When I was growing up there were expectations set up for us in school and in Sunday School – sometimes the two even overlapped. You got A's for knowing it all in school and if you memorized the right verses you got a gold star on the chart in Sunday School. It went down hill for me starting in first grade. You see, our church had a community TV station and services were shown especially when the kids choir sang. Sure enough, my escapades got broadcast across the town and I heard about it Monday morning = again and again.

That slowly ate at me. Later as I sat around those who earned their gold stars every week – the same ones looking down on others for not measuring up – I got sick of it – church is full of hypocrites I said to myself – so I dropped out of Sunday School.

Jesus always has a way of spotlighting the key point: we must practice what we preach. Just having the right doctrine, teaching the right stuff or knowing all there is to know isn't enough. Leaders and Christians must live by the advice they give. You can't love the sinner and the sinner either if you don't show acts of love. “If you tell people to build a home on a solid foundation but then use cheap nails in the construction of your own home, then you are a hypocrite.(Brett Blair)”

Even in the earliest days of the church, the ugly head of hypocrisy crept into the life of Peter, one of Jesus' best friends. It is Paul, the writer of most of the New Testament, who calls Peter out for his act of discrimination toward other Christians (Galatians 2:11-14). In chapter 2 of James' letter, he cautions the church of treating rich people better than poor – being hypocrites in their actions. I confess – the church is full of hypocrites...but then Todd Layton shared with me something Pastor Med Roach is fond of saying: “There isn't a better place for hypocrites than church.”

Robert Redford was walking one day through a hotel lobby. A woman saw him and followed him to the elevator. "Are you the real Robert Redford?" she asked him with great excitement. As the doors of the elevator closed, he replied, "Only when I am alone!”

The reality of things we fail to grasp (or we choose to ignore) is this truth – we're all hypocrites in some form or other. The saying there are no atheisists in fox holes expresses one side of this as does the Christian who does not see Jesus in the needy around them. Jesus said, we'd say, “ 'Lord, when did we see you hungry or thirsty or as a stranger or in need of clothes or sick or in prison and didn't help you?' "He will answer them, 'I can guarantee this truth: Whatever you failed to do for one of my brothers or sisters, no matter how unimportant they seemed, you failed to do for me.' (Matthew 25:44-45, GW)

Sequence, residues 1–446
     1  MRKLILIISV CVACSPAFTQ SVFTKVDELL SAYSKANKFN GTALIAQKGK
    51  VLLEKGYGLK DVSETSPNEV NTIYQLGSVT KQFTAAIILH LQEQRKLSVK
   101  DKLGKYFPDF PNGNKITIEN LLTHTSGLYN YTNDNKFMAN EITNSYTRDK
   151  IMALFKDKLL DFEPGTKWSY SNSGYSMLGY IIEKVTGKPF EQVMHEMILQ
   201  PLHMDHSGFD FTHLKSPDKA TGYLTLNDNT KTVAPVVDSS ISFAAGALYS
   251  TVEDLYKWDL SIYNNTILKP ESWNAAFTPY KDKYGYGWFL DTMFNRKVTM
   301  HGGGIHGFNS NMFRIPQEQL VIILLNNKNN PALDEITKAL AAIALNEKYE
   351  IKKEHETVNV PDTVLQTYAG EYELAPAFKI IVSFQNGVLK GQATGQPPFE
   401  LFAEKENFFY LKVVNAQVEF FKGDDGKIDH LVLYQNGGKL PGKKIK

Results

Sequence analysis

Jesus didn't back down from passing judgement or saying the hard things along the way. Jesus called the Church to do the same but he did give one stipulation and it is this that should set the church apart for it is the answer to the issue of hypocrisy...it is humility. The person who is greatest among you will be your servant. Whoever honors himself will be humbled, and whoever humbles himself will be honored. (Mat 23:11-12)

These actions alone do not put us right with God though – faith in Jesus is what puts things right. Paul made that clear when he wrote to the Galatian church and the church at Crossroads: “we know that a person is put right with God only through faith in Jesus Christ, never by doing what the Law requires. We, too, have believed in Christ Jesus in order to be put right with God through our faith in Christ, and not by doing what the Law requires. For no one is put right with God by doing what the Law requires.” (Galatians 2:16)

But a follower of Jesus Christ – A church that acts with humility – that humbles themselves – that serves the poor, the sick, the prisoner, the stranger – these actions – doing what Jesus did - will give people the reason to rethink church. Jesus leveled the playing field for the world – greatest should be the servant. The leader is to lead by serving. Jesus' answer then for the Jewish leaders – stands today for the leaders of the Christian church – or for that matter, any Christian – you must be servant.

Jesus gives no condition that this would be merely for a time or a season. I've always said the pastor that had the biggest influence on me was Malloy Owens. He was only my pastor for one year but he influenced me by what he did not merely what he said. I confess – the church IS full of hypocrites but there is no better place for us hypocrites – for it is here we can come clean with one who not only KNOWS THAT BUT who promises to CHANGE THAT.